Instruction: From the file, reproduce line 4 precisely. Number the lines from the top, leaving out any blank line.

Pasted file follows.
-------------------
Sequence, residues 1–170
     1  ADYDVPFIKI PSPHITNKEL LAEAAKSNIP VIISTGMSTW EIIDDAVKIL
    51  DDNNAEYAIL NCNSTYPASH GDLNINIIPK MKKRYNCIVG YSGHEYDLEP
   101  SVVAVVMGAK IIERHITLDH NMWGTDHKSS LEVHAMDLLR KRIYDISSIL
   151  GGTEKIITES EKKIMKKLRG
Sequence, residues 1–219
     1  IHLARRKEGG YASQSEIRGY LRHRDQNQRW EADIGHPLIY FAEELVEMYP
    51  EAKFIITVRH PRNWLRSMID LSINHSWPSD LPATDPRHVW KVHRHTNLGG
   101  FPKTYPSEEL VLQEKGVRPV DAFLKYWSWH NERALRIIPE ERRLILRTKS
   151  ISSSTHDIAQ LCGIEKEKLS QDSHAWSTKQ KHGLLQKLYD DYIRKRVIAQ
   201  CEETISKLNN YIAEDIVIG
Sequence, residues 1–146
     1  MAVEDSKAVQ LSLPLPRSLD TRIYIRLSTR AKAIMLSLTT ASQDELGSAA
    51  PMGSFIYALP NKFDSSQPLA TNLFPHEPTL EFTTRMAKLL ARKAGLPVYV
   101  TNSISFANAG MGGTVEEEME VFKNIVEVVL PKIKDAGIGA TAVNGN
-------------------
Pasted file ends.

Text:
   101  SVVAVVMGAK IIERHITLDH NMWGTDHKSS LEVHAMDLLR KRIYDISSIL